Figure 1

Screenshot of prompt prescribers received to select a reason when discontinuing a medication in the BWH Longitudinal Medical Record, our legacy home-grown outpatient electronic health record system.

This study is part of a larger study funded by the US Food and Drug Administration, called the Computerized Prescriber Order Entry Medication Safety (CPOEMS) study that examined ways CPOE systems may contribute to or cause medication errors.9 The aim of the part of the CPOEMS study reported here was to investigate drugs discontinued with the reason ‘erroneous prescription’ entered by the discontinuing prescriber to better understand the types and causes of potential CPOE-related errors. We first performed a retrospective review of patient charts; however, because charts reviewed contained little or no information documenting reason(s) why prescribers discontinued these prescriptions and marked them as erroneous, we designed a prospective study to ask clinicians via email query in near real time to provide additional details about these ‘erroneous’ orders.


We carried out this study at BWH, a large US academic medical centre (AMC) with a home-grown EHR that prompts clinicians for a reason whenever a drug order is discontinued in the outpatient CPOE system. We initially undertook a retrospective study of a sample of nearly 60 000 discontinuations coded as ‘Error (erroneous entry)’ in a nearly 3-year period. We conducted chart reviews focusing on a sample of patients who most likely represented errors. We sampled and reviewed charts of medication discontinuations where the provider reordered a drug(s) with similar sounding names as well as medication orders that were discontinued shortly after being written. When chart reviews from several hundreds of these patients were found to have limited information about the errors, we elected to prospectively study consecutive patients by querying the clinician placing the discontinuation order in near real time (within 24 hours) to learn more about the erroneous orders. For a 4-month period from January 2014 to April 2014, we sent an email to the physician who signed a discontinuation order within 24 hours of discontinuing the drug, requesting additional details for the reason the drug was discontinued due to error. Working with a programmer, we developed a tool that automatically flagged all medication orders discontinued due to error and generated an email to the prescribers each morning about any drugs they had discontinued the previous day for which they had selected ‘Error (erroneous entry)’ as the discontinuation reason. All physicians (or other prescribing clinicians) at our hospital were included in the sample. To avoid burdening prescribers, these emails were sent only for one such erroneous entry discontinuation for each physician during the 4-month study period (thus, each flagged prescriber received only one email request).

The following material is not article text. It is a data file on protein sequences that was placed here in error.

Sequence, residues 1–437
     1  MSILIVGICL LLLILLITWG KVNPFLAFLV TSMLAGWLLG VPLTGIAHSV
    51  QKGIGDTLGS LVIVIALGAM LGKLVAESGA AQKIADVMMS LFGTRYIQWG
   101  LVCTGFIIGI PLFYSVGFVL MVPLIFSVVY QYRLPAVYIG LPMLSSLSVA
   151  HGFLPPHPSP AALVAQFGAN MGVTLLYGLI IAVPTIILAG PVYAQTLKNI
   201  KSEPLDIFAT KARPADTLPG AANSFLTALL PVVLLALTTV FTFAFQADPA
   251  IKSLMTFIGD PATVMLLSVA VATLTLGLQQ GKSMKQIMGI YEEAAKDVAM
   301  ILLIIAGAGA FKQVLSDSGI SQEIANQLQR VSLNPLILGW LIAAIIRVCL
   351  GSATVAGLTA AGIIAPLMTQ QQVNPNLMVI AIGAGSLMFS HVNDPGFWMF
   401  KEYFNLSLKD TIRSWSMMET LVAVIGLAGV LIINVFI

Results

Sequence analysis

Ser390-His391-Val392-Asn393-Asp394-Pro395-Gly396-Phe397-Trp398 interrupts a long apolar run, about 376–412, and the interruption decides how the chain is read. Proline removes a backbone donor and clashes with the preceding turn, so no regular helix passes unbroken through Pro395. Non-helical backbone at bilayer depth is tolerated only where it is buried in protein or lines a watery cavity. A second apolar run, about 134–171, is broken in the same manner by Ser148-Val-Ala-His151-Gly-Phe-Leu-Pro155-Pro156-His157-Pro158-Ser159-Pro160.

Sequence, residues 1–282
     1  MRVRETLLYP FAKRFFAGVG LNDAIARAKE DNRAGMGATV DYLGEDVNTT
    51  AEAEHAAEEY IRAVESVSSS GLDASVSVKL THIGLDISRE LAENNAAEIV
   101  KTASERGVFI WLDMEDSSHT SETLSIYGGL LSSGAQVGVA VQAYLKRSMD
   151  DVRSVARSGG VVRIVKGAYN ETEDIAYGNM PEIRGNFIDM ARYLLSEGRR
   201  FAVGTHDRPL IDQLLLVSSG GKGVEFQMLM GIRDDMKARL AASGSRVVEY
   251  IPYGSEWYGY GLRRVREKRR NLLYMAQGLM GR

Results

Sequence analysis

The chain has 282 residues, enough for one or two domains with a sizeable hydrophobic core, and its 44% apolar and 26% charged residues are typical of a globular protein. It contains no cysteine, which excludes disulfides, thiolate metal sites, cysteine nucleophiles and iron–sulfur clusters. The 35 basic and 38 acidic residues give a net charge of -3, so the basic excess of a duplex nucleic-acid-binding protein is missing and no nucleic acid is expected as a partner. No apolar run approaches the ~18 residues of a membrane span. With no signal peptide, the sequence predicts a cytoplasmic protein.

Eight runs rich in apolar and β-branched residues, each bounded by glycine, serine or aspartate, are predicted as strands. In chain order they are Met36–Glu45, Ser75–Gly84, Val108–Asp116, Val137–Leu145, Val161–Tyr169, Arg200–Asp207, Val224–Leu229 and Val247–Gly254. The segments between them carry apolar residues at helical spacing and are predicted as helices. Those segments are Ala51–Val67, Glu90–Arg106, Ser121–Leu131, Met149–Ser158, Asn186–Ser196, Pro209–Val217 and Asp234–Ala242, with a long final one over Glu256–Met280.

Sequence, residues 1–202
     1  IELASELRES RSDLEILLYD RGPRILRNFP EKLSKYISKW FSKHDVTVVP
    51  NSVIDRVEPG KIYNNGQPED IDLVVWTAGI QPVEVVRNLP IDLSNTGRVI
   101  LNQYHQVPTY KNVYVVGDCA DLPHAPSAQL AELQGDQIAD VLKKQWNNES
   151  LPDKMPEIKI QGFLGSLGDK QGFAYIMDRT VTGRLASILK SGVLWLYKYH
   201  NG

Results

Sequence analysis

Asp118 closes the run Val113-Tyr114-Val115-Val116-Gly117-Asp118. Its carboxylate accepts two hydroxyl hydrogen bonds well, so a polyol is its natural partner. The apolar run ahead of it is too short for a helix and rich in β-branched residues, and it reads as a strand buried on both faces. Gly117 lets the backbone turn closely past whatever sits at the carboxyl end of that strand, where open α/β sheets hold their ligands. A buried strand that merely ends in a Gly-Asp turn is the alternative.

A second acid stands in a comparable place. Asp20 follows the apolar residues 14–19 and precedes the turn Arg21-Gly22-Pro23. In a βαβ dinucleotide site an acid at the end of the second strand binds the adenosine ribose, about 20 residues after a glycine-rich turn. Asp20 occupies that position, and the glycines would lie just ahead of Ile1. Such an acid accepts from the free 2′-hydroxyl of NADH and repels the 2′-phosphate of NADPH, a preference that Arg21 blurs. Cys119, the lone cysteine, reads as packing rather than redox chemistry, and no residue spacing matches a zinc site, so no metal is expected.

Ordering information details, such as patient name and medications, were provided in the email to remind clinicians of the specific patient and order involved. The email simply asked providers to reply to the message in free text providing more details about the error (see figure 2). Responses from the providers were compiled and coded by two pharmacists using a previously published taxonomy3 to describe what happened/what went wrong in the CPOE system and what happened to the patient. Any uncertainty or differences in coding between the pharmacists were adjudicated among our study team during team meetings. The study was conducted with the approval of the Partners HealthCare Human Subjects Research Committee.

Figure 2

Email sent to prescribers at our hospital who discontinued a medication indicating the reason ‘Error (erroneous entry).’


During a nearly 3-year retrospective data period, a total of 57 972 drug orders were discontinued in the LMR with the reason ‘Error (erroneous entry).’ This represented 4.4% of all drug discontinuations between January 2011 and November 2013. When we retrospectively sampled these 200 charts to investigate, we discovered that we were unable to find documentation of the reasons or details related to why prescribers were indicating ‘Error (erroneous entry)’ as the reason for discontinuing the drug(s). There were no comments in the patients’ records or notes mentioning the reasons for the discontinuations.